The second set belongs to arguably the most successful so far of the three main acts, Sid Sriram. A name known throughout South Asia for his work across the “multi-woods” of India, he’s striking out on his own with a new album that he showcased during his spot on Tiny Desk. Unlike Ragu, there’s barely any audience interaction from the artist and looking around there’s no dancing in the concert hall. However, this isn’t the disappointment you have when you attend a show and feel like you could have just sat at home and listened to the album for the same experience. No, the electricity on the stage is intense and knocks you back in your seat, with Sriram showcasing his years of experience in captivating audiences as he re-arranges all the songs to fit just an electric guitar, drums, and alternating saxophone and flute. With such a minimalistic stage, the wall of sound that hits is clear in the multi-layers that each member of the band carefully crafts.

Sid Sriram at Spice Trail at Sydney Opera House

Sid Sriram. Image Source: Mikki Gomez

Like his Tiny Desk appearance, that Draw Your Box reviewed, Sriram expertly brings in his carnatic background throughout each song with gamakas skilfully placed throughout all of his songs. The setlist keeps you enthralled as it rolls between songs such as Do The Dance and Blue Spaces. He and the band also throw in classic crowd favourites in beautiful stripped back re-arrangements such as Adiye, and Neela Kaigiradhu. There’s a respect shown to his carnatic upbringing as he also mixes the start of some songs with carnatic pieces that a carnatic audience would know, such as Rangapura Vihaara, which leads into the soulful rendition of Dear Sahana. Finally with a last nod to his carnatic culture, he heads off the stage. 

The final set of the night is Raf-Saperra, a British Punjabi rapper. The party atmosphere is at its zenith, as people are no longer in their seats and instead crowding the stage, with the audience singing along as Raf-Saperra bounds across the stage for his first time in Australia. Like Ragu, he is an artist who bounces off the audience and despite it being his first time here, he definitely could headline any tour Down Under. While he could obviously get any crowd going, what stands out is his respect for music.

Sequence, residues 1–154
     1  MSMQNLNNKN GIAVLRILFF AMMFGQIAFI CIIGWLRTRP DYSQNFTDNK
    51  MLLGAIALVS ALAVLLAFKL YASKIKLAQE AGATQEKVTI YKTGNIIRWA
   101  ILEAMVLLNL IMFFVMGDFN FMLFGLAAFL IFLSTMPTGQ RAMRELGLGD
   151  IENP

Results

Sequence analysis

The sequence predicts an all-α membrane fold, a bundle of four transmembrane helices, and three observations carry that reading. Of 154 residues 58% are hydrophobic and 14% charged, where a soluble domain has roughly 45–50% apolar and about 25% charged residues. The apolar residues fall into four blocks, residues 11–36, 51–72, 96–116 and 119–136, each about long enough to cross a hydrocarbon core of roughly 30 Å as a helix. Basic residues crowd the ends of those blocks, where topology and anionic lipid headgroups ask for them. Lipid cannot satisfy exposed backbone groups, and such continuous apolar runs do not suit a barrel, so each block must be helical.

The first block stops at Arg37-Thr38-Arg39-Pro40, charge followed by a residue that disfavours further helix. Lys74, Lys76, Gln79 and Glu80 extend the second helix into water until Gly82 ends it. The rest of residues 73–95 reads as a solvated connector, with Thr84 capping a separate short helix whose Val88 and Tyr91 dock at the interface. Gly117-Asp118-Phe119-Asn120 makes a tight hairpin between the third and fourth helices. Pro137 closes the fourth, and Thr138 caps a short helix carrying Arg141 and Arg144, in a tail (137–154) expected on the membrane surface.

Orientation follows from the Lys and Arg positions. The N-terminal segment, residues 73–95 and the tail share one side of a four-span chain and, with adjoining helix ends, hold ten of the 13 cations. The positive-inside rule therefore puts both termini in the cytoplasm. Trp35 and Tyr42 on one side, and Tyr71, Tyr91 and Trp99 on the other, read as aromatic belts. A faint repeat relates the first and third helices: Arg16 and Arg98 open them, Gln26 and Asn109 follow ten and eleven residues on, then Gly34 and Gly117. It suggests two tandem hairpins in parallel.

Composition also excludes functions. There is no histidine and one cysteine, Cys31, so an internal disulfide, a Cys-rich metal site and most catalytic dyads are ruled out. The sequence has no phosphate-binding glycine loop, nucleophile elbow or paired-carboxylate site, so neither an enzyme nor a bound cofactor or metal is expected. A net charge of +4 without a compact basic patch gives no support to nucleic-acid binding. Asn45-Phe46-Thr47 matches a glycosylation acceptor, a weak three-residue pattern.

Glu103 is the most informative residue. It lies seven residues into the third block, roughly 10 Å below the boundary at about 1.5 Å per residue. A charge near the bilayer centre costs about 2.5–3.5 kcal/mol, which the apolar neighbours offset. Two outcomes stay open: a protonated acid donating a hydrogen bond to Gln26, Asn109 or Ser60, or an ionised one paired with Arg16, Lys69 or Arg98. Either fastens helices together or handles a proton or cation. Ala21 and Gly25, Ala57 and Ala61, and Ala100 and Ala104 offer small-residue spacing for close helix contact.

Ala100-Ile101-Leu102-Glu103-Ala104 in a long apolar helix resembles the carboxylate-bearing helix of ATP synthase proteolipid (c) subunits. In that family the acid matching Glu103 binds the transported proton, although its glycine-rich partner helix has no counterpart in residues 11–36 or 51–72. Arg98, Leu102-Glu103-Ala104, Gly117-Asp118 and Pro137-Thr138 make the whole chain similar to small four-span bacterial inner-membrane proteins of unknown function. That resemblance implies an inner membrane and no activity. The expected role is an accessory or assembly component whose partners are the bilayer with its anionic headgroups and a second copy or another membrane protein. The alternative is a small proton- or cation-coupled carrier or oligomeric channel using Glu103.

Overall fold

After just two songs, he asks the audience to go back to their seats and to allow him to explore the more traditional side. He sits at the harmonium and is joined by a guitarist and flautist. What comes next is a melody and control that showcases the beauty of traditional Punjabi music, and highlights how it still can be found in more modern interpretations. As he reaches the end of this part of his set, he thanks the audience for allowing him to indulge in this music, but really if anything, it should have been the other way around. Raf-Saperra calls the audience back to their feet and there’s a rush for the stage again and once more the DJ’s beats and Raf-Saperra’s lyrics have everyone moving. 

Raf-Saperra at Spice Trail at Sydney Opera House

Raf-Saperra. Image Source: Mikki Gomez

A showcase that definitely hit the definition of Spice Trail, this show was masterfully curated by DJ Munasib and Astral People. It shows that there’s an appetite for South Asian music in the mainstream of Australia. After decades of South Asian beats, melodies, and lyrics being sampled for western mainstream music, maybe now it’s time for South Asian artists to take over the airwaves, and stages, not just as samples. Vivid Sydney understood this, and next year, they should all be on different nights with full sets, with Australian South Asian artists as the opening.